It's not especially quiet in Herbert T. Wood's office, a dab of desk, clutter and files in a dark stone building near the corner of 12th Street and Pennsylvania Avenue NW. Telephones ring and city sounds drift up three stories to tap at his closed window.

But it doesn't matter. Wood, 43, understands that fine edge that separates noise from sound; he walks it every day he reports to his office as deputy chief of the city's Bureau of Consumer Health Services. And because he's largely responsible for enforcing Washington's 4-year-old noise-control act, Herbert T. Wood is indisputably Washington's top noise man.

"There's a difference between noise and sound," Wood says, sounding a little like Mr. Wizard. His balding brown hair, wrinkled shirt with loosely knotted tie and baggy pants complete the effect. "A noise is a sound that annoys you."

He should know. Wood, who holds an undergraduate degree in engineering and a doctorate in physical chemistry, says his office and its two-man staff are besieged with complaints from people who claim that something or other is just too dad blamed noisy.

And with the advent of stuffy weather, complaints are bound to increase, as they have in the past, say Wood and police. An open window not only beckons fresh air, but also summer sounds--loud music, the din of construction.

In April, Wood's office received 20 complaints. Last year, the number of complaints rose from 15 in March to 55 in August. "It's definitely a seasonal thing," Wood explains.

As part of the Bureau of Consumer Health Services, Wood's office is part of the D.C. Department of Environmental Services. In addition to helping police identify dangerous substances, the office helps investigate noise complaints. Wood says the police are responsible for running down barking dogs and loud parties. His office takes on just about everything else.

For example, Wood has heard complaints about a hot-tub pump in Georgetown whose hum irritated a writer living next door, the University of the District of Columbia marching band disturbing the peace of its Van Ness campus neighbors and numerous complaints about chit-chattery air conditioners and stereophonic mayhem in condominiums and apartment buildings.

The noise law establishes a graduated scale of loudness, measured in decibels, for most sounds. However, some sounds--sirens on emergency vehicles and the sound of aircraft, for instance--are either exempt or covered by other regulations.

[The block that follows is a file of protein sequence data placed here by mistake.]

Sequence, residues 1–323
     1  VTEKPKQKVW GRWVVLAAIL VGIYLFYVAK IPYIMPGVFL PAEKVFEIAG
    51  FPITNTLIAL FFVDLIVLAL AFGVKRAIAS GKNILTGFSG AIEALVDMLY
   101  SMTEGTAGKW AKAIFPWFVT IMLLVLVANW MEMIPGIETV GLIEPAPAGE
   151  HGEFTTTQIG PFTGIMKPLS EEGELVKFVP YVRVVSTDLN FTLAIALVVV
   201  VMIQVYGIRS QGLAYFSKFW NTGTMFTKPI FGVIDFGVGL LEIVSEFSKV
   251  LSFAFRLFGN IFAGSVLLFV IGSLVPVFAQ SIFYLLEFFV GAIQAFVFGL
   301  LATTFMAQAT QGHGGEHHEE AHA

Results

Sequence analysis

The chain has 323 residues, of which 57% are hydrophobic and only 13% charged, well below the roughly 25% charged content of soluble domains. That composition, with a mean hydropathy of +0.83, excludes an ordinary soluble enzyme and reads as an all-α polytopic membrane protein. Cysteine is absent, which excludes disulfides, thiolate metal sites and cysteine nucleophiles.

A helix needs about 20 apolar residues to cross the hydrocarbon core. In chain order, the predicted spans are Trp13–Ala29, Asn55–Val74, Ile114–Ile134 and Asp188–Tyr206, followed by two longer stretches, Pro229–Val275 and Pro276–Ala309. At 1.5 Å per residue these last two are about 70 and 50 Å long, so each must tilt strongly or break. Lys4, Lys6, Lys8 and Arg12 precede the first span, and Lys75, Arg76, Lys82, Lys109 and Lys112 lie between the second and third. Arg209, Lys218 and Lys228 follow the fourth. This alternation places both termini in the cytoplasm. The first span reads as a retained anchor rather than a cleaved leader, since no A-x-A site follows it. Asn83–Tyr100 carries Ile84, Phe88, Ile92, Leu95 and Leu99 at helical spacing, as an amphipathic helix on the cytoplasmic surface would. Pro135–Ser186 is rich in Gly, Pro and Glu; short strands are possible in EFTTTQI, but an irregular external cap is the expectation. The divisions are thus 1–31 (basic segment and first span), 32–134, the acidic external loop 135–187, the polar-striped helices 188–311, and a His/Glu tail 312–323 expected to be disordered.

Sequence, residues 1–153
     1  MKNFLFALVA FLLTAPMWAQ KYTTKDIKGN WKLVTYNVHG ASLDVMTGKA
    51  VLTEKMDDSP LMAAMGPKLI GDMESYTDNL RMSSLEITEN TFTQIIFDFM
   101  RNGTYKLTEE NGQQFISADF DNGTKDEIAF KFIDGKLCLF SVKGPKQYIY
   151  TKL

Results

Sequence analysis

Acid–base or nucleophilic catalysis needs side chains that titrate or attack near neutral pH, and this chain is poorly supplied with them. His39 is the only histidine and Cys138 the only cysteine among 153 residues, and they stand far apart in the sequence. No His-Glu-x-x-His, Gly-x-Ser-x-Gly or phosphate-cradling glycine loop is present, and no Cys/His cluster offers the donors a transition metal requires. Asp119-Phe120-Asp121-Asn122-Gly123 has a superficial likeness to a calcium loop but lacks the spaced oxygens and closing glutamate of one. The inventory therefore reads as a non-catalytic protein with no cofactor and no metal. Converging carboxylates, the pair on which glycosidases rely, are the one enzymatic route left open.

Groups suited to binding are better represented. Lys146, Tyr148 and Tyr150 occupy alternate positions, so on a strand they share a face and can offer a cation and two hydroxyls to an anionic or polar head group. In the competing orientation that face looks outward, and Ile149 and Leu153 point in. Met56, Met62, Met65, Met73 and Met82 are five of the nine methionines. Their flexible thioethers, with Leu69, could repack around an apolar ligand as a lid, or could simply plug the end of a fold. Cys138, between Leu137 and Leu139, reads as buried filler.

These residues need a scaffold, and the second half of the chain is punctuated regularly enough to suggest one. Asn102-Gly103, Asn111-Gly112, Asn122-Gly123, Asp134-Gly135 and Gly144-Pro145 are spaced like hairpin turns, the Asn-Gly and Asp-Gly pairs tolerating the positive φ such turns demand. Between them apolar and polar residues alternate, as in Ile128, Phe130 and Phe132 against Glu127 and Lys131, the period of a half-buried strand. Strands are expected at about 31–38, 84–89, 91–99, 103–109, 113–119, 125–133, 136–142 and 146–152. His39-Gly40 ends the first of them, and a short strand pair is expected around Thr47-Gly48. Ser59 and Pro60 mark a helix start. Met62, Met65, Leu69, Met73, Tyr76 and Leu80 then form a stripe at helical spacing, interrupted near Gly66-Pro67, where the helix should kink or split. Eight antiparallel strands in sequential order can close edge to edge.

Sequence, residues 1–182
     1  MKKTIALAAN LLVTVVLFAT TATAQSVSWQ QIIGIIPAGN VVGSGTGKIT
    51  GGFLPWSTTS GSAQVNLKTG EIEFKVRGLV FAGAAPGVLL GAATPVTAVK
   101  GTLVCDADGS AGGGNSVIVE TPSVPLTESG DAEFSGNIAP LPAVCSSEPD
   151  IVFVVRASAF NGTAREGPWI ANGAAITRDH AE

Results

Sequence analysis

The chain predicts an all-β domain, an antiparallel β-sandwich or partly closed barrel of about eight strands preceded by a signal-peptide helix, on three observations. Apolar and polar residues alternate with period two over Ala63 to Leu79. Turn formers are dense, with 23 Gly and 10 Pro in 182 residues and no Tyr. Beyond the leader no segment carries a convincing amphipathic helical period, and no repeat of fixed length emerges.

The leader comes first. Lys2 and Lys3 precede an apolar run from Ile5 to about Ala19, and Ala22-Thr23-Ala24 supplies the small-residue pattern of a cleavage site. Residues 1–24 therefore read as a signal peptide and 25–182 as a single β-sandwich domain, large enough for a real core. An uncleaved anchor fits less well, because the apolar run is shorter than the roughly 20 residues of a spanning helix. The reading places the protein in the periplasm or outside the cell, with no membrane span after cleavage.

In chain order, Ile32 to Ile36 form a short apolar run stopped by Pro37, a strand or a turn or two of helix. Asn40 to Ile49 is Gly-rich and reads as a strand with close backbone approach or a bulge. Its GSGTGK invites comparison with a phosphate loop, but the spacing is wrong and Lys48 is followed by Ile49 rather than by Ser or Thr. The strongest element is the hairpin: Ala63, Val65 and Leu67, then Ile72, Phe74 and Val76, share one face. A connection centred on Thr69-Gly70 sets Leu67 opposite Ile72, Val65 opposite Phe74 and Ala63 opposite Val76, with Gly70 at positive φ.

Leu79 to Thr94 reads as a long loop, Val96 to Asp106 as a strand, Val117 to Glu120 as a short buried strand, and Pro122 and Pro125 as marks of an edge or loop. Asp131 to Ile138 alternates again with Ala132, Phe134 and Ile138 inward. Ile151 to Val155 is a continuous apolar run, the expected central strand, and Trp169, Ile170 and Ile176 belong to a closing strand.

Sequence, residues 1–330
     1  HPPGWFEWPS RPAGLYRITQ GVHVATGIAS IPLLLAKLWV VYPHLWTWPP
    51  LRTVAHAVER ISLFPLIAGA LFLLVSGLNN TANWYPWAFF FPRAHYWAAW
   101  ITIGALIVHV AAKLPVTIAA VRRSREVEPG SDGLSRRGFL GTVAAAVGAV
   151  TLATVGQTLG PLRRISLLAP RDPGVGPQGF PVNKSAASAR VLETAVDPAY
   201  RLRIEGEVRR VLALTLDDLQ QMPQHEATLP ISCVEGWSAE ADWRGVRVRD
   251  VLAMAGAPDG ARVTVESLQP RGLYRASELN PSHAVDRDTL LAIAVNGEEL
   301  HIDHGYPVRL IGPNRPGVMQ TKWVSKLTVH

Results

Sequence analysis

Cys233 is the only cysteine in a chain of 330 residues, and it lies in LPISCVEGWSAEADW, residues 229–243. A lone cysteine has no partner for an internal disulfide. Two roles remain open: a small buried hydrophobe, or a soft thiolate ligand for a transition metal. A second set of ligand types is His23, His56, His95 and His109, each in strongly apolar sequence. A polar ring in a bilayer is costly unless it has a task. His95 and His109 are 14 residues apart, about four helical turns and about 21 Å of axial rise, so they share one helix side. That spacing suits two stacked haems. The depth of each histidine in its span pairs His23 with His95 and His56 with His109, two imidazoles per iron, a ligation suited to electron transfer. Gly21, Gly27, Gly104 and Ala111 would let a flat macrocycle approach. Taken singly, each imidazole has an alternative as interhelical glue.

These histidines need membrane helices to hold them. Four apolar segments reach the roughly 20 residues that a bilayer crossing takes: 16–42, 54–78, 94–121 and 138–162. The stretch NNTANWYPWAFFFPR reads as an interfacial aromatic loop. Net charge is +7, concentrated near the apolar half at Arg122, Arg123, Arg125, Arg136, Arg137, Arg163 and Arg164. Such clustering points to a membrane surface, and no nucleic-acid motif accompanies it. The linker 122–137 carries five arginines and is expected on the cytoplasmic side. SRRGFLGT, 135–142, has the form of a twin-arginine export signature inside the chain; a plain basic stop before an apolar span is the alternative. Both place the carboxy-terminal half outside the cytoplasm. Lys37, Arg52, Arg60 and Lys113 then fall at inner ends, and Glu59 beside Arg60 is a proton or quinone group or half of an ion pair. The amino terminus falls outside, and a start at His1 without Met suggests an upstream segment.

At night, any sound in a residential area that registers louder than 55 decibels at the line of the property on which it originates is illegal. How loud is that? Wood measured the sound of his telephone ringing two feet away: 70 decibels.

By contrast, he said, the sound of a bus pulling away from its stop is about 90 decibels to the person left behind in the exhaust fumes.

Wood's principal weapon in the war against noise is a sound-level meter, a twin-dialed contraption that electronically duplicates the workings of a human ear, hearing sound in much the way people do and measuring its loudness.

In instances were Wood determines that the sound exceeds the legal maximum, compliance is sometimes easy to obtain. For example, a hash mark on a stereo receiver showing how high the volume can be turned is often enough, Wood says.

If the noise continues, Wood urges police to issue a citation for a $50 fine. If the offender is a licensed business, Wood says, the license could be revoked, but that has never happened.

Wood says his most difficult case was the Ontario Theater on Columbia Road NW. He said the movie theater occasionally held rock concerts whose music was well above the legal sound ceilings. Over several seasons of fines, which totaled $500, the theater management decided to turn the musicians' amplifers down.

He says one of the biggest problems facing his office is that people don't seem to know that there is a noise-control act in Washington.

Hotel manager Willie Armstrong didn't know. Late last month the Shoreham Hotel, on Calvert Street NW, held several evening cabarets under a tent in its back yard. Neighbors complained that the music was too loud.

Wood's meter agreed with them. The Flaming Mamies' brassy sound was too much; it exceeded the limit for musical instruments measured from about a meter away.

"I was not aware of the law," Armstrong said. His hotel was fined $50, and he began to work with Wood to find ways to tone down some of the band's instruments. But the show soon closed for lack of an audience.

"I guess the problem worked itself out," Wood said with a chuckle from behind his desk.

Wood says half of his cases involve people complaining about their neighbors and half are people complaining about a business. Noisy air conditioners are the most common complaint. Loud recorded music is second.

Wood said the law requires that all air conditioners be inspected by his office before they can be installed. So, eventually, he believes the air conditioning problem will disappear. As far as blaring stereos are concerned, they will have to be turned down.

But Wood says there are household ways a person can better soundproof his home, such as hanging rugs on the wall or gluing pasteboard egg cartons to them.

However, Wood says the potentially noisy can best avoid problems by cooperating with their neighbors. Sound advice.